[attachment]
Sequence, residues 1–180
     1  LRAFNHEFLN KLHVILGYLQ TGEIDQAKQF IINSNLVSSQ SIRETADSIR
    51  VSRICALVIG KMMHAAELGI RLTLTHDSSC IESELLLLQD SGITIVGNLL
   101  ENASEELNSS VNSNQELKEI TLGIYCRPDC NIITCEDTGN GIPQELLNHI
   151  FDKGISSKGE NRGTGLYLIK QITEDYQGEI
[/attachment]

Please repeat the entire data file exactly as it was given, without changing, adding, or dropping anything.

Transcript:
Sequence, residues 1–180
     1  LRAFNHEFLN KLHVILGYLQ TGEIDQAKQF IINSNLVSSQ SIRETADSIR
    51  VSRICALVIG KMMHAAELGI RLTLTHDSSC IESELLLLQD SGITIVGNLL
   101  ENASEELNSS VNSNQELKEI TLGIYCRPDC NIITCEDTGN GIPQELLNHI
   151  FDKGISSKGE NRGTGLYLIK QITEDYQGEI